Tamara Devitt in Bloomberg: NLRB’s Joint Employment Theory Faces Key Court Test


The National Labor Relations Board March 9 defended its theory that companies can be classified as joint employers if they “share or codetermine” the employment terms of a group of workers (Browning-Ferris Indus. of Calif., Inc. v. NLRB, D.C. Cir., No. 16-1028, oral argument 3/9/17).

Browning-Ferris urged the U.S. Court of Appeals for the District of Columbia Circuit to reject the new NLRB standard, which critics have called a threat to franchising and other business models.

The NLRB adopted the standard in a 2015 ruling that Browning-Ferris Industries of California Inc. was a joint employer with Leadpoint, a staffing firm that provided workers to the recycling company. The board overruled 30-year-old precedents that companies should share legal responsibility for employees only if they exercise “direct and immediate control” over the workers...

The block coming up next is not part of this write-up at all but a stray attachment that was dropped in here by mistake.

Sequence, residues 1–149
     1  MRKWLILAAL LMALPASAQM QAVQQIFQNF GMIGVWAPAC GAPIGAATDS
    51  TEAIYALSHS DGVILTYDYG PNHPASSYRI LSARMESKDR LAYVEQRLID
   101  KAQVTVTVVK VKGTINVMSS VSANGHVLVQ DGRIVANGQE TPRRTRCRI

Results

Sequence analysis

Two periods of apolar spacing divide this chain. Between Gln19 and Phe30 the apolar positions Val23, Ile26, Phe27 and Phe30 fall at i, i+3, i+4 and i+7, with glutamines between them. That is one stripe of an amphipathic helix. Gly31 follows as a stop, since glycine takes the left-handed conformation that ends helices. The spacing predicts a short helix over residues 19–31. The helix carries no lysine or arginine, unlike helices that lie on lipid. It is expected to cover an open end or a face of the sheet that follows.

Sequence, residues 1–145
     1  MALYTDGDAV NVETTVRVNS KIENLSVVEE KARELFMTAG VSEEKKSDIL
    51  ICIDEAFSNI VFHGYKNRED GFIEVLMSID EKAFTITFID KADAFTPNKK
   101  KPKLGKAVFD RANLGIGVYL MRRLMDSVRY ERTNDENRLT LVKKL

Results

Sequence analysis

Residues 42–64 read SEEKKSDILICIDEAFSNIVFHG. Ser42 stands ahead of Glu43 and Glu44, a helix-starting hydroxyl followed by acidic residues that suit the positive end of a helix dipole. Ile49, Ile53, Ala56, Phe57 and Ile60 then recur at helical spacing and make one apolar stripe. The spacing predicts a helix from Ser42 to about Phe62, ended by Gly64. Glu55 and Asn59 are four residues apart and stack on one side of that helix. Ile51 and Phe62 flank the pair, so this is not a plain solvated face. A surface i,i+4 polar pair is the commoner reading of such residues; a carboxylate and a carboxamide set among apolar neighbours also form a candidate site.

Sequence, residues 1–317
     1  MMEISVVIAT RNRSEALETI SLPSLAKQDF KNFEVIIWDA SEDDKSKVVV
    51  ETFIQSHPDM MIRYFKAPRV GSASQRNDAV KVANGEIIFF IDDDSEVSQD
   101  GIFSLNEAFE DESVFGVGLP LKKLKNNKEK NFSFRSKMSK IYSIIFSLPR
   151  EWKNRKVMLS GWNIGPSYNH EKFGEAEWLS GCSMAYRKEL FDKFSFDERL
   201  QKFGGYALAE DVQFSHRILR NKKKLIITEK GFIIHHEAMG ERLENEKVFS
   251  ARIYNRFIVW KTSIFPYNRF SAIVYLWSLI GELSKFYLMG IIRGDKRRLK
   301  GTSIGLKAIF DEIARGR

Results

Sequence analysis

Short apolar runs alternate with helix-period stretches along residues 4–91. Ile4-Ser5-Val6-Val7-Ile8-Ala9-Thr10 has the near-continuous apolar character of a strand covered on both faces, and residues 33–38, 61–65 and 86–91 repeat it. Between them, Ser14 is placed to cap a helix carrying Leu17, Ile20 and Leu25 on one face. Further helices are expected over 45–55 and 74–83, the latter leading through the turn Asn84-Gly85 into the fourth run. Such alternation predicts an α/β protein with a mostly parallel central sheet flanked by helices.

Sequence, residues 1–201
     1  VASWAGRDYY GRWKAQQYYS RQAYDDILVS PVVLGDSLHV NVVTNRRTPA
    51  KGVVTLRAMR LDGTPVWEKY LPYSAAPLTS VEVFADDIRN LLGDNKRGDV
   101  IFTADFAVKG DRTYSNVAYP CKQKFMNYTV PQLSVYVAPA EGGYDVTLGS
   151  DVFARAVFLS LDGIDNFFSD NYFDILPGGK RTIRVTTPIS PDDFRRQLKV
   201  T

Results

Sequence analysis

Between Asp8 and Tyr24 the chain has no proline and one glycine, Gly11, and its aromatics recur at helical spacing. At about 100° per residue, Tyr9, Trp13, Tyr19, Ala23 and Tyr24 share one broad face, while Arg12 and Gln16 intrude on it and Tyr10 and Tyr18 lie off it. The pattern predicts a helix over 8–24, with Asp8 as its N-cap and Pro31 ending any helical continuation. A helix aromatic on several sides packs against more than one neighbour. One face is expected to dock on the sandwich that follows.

Attorneys following the Browning-Ferris case told Bloomberg BNA they have different views and expectations about the outcome.

Tamara I. Devitt, a management lawyer and partner at Haynes Boone in California, told Bloomberg BNA that the case has been a “hot button” issue. But she said she wouldn't be surprised to see the appeals court defer to the NLRB and enforce the board's order against Browning-Ferris.

The board's new test leaves businesses guessing about how much evidence is required to show joint employer status, she said. Employers may have to wait for President Donald Trump to appoint board members to vacant seats and for a reconstituted NLRB to hear another case raising the issue.

Excerpted from Bloomberg BNA. To read the full article, please click here.

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